prepared and identified specific goals, and it still took
more than a decade to get the funding. Congress signed
off on the colossal undertaking about two years ago.
In the years
after World War II, the federal government and Florida
spent vast sums altering the Everglades.
Up went dams
and dikes to drain some of the mammoth marsh and protect
development around it from flooding. Drinking-water treatment
plants pulled water from the surface and underground rivers
that feed the swamp to supply growing communities. Levees
and pumps steered hundreds of millions of gallons of water
a year into the sea to make way for sugar-cane plantations
and other agriculture.
the drying, dying, polluted Everglades swamp shrank to
half of its 8 million acres, causing a groundwater-depletion
crisis, the threat of extinction for scores of plant and
wildlife species and an outcry from preservationists.
The plan now
is to remove many of the artificial barriers, restore
natural water flow and use reservoirs to recapture water
that had been sent out to sea and recirculate it through
the marshes. This, advocates hope, will bring life back.
It took years
and some watering down to appease agricultural interests,
but the restoration idea prevailed. One of the strong
proponents was Florida Gov. Jeb Bush.
In the Great
Lakes, the challenges are complicated by the potentially
conflicting interests of eight states and Canada. Plus,
it's more difficult to put responsibility on the federal
government because, unlike the Everglades, it did not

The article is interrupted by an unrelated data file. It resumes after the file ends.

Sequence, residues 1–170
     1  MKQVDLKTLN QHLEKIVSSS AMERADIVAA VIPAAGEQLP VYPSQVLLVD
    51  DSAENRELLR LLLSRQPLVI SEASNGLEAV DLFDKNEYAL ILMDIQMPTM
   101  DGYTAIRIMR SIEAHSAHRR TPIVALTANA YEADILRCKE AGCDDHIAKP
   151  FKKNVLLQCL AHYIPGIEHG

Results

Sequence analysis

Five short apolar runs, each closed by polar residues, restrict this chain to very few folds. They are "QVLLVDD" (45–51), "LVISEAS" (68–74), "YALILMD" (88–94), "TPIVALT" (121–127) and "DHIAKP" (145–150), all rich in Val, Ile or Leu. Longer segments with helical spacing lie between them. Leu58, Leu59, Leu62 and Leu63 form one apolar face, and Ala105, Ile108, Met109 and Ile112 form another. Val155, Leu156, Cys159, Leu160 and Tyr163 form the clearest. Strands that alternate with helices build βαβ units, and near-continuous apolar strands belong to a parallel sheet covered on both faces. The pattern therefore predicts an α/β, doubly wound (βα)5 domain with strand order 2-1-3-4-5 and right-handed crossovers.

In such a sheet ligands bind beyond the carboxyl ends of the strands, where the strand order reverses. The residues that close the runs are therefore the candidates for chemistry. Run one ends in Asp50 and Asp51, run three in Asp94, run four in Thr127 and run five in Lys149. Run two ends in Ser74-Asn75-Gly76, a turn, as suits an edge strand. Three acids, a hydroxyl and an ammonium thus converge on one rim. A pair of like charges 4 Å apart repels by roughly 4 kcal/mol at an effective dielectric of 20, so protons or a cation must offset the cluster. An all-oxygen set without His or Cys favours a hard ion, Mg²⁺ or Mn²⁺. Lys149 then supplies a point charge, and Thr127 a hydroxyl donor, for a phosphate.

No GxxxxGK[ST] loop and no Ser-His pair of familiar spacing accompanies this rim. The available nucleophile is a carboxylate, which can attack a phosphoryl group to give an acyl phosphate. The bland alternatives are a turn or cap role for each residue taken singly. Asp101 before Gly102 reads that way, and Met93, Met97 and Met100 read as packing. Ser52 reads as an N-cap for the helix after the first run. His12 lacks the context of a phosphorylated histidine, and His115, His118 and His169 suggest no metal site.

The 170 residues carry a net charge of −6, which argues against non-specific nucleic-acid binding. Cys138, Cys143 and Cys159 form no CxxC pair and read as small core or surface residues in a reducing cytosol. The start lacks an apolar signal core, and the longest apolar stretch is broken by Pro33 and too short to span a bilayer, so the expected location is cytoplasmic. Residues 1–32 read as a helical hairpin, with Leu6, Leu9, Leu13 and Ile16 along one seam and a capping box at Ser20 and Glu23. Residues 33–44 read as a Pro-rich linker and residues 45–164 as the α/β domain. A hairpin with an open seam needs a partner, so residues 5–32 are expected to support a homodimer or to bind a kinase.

directly mandate and pay for projects that caused most
of the degradation.
So it made sense
that Washington sought the governors' support and wants
them to organize and unify now.
"We really have
not gotten our fair share of the federal money, and one
of the reasons is, we have not had a strategy, we have
not had goals," said Sen. Mike DeWine, one of 19 elected
officials who signed the letter. "You don't get anything
unless you know what you want."
The idea is that
the governors' priority list will lead to congressional
funding next year for a study, which the EPA's Jones said
might be done by 2005.
That plan could
then prompt Congress to provide funding for restoration
"It's going to
take something that big to get the changes we want," said
Jeffrey Busch, who heads the Ohio Lake Erie Commission,
a state agency. "Not to decrease the importance of the
Everglades, but you can make a bigger case for the national,
and international, importance of the Great Lakes."
The General Accounting
Office is now tallying up how much money the federal government
has spent over the last five years to improve the Great
Lakes. When it's done in February, the GAO report will
be compared with the governors' priority list to find
the funding gaps.
If there are
not enough challenges, here's another problem: Great Lakes
leaders are not the only ones with Everglades envy.
The $8 billion
has set off a scramble across the country to come up with
restoration plans. Competition includes coastal Louisiana,
San Francisco Bay and Puget Sound.
The Great Lakes
region enjoys fairly strong political clout in Washington:
16 senators and 134 representatives. But come January,
the region will lose nine seats to the water-starved South
and West. But the 125 who remain are more than a quarter
of the House.
"If we exercise
the political clout, we can, over time, get things done,"
DeWine said. "The reality is we need all of us to wake
up and understand that the country as a whole needs to
make more of an investment in our future. We need to be
in there with our plan. Unless you have a plan, you don't